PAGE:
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Cradle 2 the Grave(2003)
When his daughter is kidnapped and held in exchange for priceless diamonds, the leader of a crew of highly skilled urban thieves forges an unlikely alliance with a Taiwanese Intelligence officer to rescue her. Their race against the clock to find the precious stones ultimately unravels a plot to distribute a deadly new weapon of war.
For more about Cradle 2 the Grave and the Cradle 2 the Grave Blu-ray release, see Cradle 2 the Grave Blu-ray Review published by Brian Orndorf on August 29, 2012 where this Blu-ray release scored 3.0 out of 5.
Starring: Jet Li, DMX, Anthony Anderson, Kelly Hu, Mark Dacascos, Tom Arnold
Director: Andrzej Bartkowiak
» See full cast & crew
Cradle 2 the Grave Blu-ray Review
And the Oscar goes to...
Reviewed by Brian Orndorf, August 29, 2012
In the late 1990s, Hollywood wanted to make rapper DMX a movie star. It's not an uncommon practice to turn someone known exclusively for their musical achievements into an actor, yet with DMX, the effort seemed hopelessly misguided. Stiff and unconvincing, the hip-hop artist never carried himself with ease on screen, yet he still managed to bark out a minor filmography. A large chunk of his employment was courtesy of producer Joel Silver, who brought DMX in to flavor 2000's "Romeo Must Die" and co-star alongside Steven Seagal in 2001's "Exit Wounds." Sensing screen magic, Silver reunited DMX with "Romeo" star Jet Li for 2003's "Cradle 2 the Grave," an actioner meant to pay off the fumes of chemistry shared earlier by the performers, gifting them their own playground of martial arts activity, explosions, and gunplay, with a booming soundtrack to score the chaos. While eager to please, "Cradle 2 the Grave" (a bizarre title that has nothing to do with the movie) is useless, openly insulting the intelligence of its audience with a broad display of villainy and toxic comic relief, while snuffing out stuntwork nuances with blitzkrieg editing. While it aspires to be cinematic junk food, the picture is relentlessly moronic, eschewing B-movie thrills to wallow in Z-movie production achievements.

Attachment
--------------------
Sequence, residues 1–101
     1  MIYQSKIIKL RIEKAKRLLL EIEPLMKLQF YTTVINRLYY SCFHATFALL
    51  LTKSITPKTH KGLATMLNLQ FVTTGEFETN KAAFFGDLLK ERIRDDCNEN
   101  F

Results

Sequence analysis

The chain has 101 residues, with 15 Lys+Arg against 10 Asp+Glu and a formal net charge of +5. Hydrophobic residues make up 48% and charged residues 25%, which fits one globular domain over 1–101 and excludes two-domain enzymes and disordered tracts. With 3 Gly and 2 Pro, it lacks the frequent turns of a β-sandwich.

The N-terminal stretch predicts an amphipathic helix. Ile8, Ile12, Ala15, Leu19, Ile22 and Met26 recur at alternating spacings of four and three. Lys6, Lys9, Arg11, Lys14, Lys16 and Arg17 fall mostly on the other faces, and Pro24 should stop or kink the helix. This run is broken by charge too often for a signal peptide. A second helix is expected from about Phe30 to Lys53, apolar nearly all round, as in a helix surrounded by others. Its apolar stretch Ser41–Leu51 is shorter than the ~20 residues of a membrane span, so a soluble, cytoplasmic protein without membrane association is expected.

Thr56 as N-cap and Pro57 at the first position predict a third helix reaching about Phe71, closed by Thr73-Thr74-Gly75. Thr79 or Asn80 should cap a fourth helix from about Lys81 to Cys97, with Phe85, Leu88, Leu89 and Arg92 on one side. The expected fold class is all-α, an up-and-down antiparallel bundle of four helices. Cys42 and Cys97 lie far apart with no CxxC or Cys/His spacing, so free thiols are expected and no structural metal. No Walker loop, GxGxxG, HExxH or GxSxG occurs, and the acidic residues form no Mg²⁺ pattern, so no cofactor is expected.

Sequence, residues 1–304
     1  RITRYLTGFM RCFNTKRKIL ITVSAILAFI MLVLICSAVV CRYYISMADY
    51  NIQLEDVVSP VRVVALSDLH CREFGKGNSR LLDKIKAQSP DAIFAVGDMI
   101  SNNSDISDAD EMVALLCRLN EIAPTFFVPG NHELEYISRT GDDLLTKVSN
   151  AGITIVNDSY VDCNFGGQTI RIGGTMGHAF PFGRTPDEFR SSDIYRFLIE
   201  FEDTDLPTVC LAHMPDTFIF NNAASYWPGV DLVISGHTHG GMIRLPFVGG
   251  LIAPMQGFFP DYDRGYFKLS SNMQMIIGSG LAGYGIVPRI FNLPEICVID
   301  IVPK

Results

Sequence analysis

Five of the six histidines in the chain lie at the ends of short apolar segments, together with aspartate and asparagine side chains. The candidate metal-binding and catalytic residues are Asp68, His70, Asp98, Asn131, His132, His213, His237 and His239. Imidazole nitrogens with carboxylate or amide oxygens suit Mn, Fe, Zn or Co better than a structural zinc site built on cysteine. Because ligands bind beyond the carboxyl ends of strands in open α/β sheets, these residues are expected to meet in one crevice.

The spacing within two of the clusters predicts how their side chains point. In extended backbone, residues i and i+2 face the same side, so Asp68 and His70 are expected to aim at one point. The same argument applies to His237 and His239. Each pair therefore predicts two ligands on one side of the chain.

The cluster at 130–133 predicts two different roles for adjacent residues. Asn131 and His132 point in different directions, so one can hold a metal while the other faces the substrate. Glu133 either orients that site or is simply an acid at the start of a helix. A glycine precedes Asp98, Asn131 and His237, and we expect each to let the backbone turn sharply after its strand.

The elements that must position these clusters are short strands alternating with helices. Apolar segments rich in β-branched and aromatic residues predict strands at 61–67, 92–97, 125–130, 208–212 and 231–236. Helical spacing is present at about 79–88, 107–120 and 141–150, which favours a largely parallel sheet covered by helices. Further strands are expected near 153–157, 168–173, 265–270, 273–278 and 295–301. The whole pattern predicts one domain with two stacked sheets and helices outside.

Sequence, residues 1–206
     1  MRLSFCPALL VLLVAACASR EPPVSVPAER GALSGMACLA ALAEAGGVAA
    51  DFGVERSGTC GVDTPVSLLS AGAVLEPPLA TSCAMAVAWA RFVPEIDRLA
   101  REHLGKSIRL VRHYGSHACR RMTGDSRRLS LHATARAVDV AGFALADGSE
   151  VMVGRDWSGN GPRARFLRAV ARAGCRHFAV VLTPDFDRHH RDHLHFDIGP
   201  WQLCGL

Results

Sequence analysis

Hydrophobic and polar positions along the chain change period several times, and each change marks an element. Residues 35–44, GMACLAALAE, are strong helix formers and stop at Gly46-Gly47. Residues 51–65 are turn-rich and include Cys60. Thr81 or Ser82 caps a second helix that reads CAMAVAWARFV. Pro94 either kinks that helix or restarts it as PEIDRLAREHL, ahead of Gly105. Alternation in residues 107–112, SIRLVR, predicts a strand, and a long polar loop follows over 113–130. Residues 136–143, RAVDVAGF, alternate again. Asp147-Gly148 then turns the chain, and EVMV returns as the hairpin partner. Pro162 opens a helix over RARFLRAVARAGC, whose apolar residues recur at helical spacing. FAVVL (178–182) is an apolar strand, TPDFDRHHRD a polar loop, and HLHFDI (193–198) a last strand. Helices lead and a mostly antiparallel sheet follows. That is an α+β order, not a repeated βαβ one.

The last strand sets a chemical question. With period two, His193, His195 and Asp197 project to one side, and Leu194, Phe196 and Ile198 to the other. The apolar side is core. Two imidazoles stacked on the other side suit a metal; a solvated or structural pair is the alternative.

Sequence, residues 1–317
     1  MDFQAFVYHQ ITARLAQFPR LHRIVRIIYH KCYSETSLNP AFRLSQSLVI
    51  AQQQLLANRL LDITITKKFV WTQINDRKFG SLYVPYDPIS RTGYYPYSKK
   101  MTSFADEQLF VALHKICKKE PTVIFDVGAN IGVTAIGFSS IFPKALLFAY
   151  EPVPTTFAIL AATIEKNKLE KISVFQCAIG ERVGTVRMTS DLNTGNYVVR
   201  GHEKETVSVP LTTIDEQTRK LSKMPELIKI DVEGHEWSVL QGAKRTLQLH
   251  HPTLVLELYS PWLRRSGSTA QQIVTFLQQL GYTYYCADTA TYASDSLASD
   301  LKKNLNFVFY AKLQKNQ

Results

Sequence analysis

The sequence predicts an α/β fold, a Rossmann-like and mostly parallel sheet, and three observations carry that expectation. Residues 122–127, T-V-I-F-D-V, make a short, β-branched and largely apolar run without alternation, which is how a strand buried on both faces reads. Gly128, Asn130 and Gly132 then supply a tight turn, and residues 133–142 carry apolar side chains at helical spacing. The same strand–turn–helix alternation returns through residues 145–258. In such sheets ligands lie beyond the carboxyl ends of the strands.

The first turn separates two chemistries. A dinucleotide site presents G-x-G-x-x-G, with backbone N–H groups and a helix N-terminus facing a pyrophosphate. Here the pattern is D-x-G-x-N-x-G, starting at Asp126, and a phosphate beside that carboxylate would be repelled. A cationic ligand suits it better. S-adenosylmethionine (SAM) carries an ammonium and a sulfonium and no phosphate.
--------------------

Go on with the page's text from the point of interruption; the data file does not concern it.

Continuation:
A diamond thief on the prowl for a special prize, Fait (DMX) and his crew, including Daria (Gabrielle Union), Tommy (Anthony Anderson), and Miles (Drag-On), come across a bag of black stones they believe to be rare diamonds capable of being sold for an enormous amount of money. Hot on their trail is Taiwanese Intelligence Agent Su (Jet Li), who's after the stones as well, looking to hunt down those responsible for their initial disappearance. When terrorist Yao (Mark Dacascos) shows up in California to take possession of the stones, looking to harvest their unknown power, Fait and Su are forced to team up to defend their interests, a task intensified with the kidnapping of the bandit's beloved daughter. With the bag of stones repeatedly changing hands, Su and Fait search the city for clues, receiving help from dim-wit arms dealer Archie (Tom Arnold), who knows exactly what Yao is up to -- a master plan that could threaten the safety of the planet.